Danger in the bottle

(image source: www.scoopwhoop.com)

Dr Nirmal Jivan Shah, The People Newspaper, 5/7/2009: Just when you thought it was safe to drink bottled water, new research shows that plastic mineral water bottles contaminate drinking water with man made compounds that act like human hormones. The study by German researchers published in the journal Environment Science and Pollution Research provides evidence of estrogen compounds leaching out of the plastic packaging of several commercially available mineral waters into the water.

Twenty brands were examined and the results show that mineral water stored in PET bottles had higher estrogen content than the same water stored in glass bottles. The researchers also raised snails in both plastic and glass bottles. The animals housed in PET bottles had higher reproductive rates than average, and they created more than twice as many embryos as the snails housed in glass bottles. The snails are like a “canary in the coal mine,” and the really scary thing is that they are nowhere as sensitive to these hormones as are human cells.

Bottles made from PET have been considered safer than others made from polyvinyl chloride and polycarbonate (used for sports bottles) which have been shown to release BPA (a disrupter of endocrine function ) when hot water is introduced in them. The researchers conclude that they have identified just the tip of the iceberg in that plastic packaging may be a major source of xenohormone contamination of many other edibles. Xenohormones are man-made substances that have a hormone-like effect.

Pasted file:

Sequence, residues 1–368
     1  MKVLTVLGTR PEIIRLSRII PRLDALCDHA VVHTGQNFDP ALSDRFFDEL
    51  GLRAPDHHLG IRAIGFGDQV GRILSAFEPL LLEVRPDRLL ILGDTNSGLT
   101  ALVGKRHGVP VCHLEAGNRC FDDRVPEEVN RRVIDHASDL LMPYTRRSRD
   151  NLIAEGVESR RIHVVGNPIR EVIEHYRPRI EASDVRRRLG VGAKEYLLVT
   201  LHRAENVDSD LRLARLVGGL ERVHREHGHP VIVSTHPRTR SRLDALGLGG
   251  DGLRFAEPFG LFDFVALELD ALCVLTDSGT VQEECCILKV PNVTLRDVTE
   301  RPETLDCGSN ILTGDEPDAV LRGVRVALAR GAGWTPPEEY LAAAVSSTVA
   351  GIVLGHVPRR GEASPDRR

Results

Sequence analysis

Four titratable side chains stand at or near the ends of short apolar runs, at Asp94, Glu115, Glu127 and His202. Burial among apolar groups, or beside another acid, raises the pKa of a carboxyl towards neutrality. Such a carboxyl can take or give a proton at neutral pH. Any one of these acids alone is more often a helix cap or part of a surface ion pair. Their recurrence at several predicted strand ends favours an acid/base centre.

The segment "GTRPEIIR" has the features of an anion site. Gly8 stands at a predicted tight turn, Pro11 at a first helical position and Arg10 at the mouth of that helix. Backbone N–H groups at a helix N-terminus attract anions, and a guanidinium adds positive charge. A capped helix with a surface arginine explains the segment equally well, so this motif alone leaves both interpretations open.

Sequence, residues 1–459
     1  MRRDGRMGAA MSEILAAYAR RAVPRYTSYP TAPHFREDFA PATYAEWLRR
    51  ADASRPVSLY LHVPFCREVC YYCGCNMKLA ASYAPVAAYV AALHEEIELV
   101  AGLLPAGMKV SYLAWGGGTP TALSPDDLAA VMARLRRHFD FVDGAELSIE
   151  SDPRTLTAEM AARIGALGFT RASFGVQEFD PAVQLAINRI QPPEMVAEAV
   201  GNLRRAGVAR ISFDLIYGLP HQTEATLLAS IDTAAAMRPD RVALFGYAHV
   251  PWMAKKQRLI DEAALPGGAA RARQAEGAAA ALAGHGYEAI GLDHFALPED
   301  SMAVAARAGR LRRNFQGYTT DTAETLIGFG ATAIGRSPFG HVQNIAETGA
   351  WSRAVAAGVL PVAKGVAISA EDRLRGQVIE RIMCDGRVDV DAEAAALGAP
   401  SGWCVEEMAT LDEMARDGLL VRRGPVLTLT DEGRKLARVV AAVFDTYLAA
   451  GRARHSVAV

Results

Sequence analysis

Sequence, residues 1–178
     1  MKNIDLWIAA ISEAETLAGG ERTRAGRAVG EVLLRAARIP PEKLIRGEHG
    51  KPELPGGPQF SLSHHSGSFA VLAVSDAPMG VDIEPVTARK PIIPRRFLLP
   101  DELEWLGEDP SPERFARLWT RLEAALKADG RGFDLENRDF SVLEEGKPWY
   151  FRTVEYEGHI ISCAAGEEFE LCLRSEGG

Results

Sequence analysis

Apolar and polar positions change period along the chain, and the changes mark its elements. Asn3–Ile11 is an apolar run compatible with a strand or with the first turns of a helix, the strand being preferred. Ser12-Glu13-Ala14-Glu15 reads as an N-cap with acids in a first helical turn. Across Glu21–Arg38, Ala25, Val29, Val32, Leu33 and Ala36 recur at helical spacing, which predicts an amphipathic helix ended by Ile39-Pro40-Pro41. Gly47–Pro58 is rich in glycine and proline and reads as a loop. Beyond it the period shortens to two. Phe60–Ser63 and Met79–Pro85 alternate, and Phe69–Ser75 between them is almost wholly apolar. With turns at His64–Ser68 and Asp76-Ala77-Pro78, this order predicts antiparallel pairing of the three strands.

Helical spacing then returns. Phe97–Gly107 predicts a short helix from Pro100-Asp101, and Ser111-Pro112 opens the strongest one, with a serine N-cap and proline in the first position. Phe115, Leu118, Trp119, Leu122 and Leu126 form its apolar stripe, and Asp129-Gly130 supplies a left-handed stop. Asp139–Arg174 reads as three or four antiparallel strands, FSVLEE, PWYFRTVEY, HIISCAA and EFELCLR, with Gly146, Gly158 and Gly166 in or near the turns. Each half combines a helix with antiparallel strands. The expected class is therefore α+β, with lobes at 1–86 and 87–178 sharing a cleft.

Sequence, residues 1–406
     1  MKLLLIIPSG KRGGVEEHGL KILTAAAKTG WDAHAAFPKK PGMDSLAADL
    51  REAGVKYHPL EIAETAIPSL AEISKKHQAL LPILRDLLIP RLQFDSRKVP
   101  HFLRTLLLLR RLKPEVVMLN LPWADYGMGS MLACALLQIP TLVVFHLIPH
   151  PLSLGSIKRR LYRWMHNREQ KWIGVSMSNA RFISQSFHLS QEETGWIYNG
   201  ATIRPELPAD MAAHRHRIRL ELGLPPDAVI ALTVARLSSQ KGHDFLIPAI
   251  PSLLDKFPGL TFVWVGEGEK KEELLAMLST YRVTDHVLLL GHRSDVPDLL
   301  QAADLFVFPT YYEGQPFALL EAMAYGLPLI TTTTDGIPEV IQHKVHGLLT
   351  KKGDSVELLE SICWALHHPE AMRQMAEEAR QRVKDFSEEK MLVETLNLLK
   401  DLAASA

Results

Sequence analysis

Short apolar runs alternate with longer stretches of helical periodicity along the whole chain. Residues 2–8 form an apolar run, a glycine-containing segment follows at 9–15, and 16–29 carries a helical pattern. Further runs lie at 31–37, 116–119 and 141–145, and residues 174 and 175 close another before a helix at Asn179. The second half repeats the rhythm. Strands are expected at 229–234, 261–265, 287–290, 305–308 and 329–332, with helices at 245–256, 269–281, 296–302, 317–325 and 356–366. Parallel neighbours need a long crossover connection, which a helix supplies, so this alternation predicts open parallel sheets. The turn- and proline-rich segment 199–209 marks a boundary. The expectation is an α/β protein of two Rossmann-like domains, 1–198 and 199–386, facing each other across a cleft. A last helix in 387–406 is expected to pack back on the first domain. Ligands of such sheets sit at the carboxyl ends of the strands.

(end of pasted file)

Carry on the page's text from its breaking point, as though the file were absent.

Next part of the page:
The conclusion I draw from this study and several others about the dangers of drinking liquids from plastic bottles, is that it’s better to drink what people call “PUC water”. PUC water not only goes through gravel and sand bed filters but is chlorinated to kill microorganisms. Water destined to be bottled is purified using ozone and UV (ultraviolet light). This means that PUC water because it contains chlorine will usually have the same anti-microbial properties at all times, whilst water to be bottled can potentially be contaminated the moment it leaves the filtration process.

Another different property of PUC water is the Ph. This is the measurement of acid and alkaline. Water from our hills is naturally acidic. PUC buffers this water with limestone to achieve a more balanced Ph. This is not done for bottled water. And finally there is the cost. Based on global figures, bottled water costs 240 to 10,000 times that of water straight from the tap. In Seychelles where a liter of bottled water costs on average 7 Rupees up, PUC water costs about 20 cents a liter. Enough said!

 

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